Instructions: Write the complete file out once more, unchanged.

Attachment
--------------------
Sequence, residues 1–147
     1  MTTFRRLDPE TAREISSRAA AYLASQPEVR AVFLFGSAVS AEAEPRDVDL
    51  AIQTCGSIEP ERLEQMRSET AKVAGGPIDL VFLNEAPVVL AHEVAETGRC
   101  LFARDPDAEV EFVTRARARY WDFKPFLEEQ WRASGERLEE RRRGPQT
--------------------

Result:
Sequence, residues 1–147
     1  MTTFRRLDPE TAREISSRAA AYLASQPEVR AVFLFGSAVS AEAEPRDVDL
    51  AIQTCGSIEP ERLEQMRSET AKVAGGPIDL VFLNEAPVVL AHEVAETGRC
   101  LFARDPDAEV EFVTRARARY WDFKPFLEEQ WRASGERLEE RRRGPQT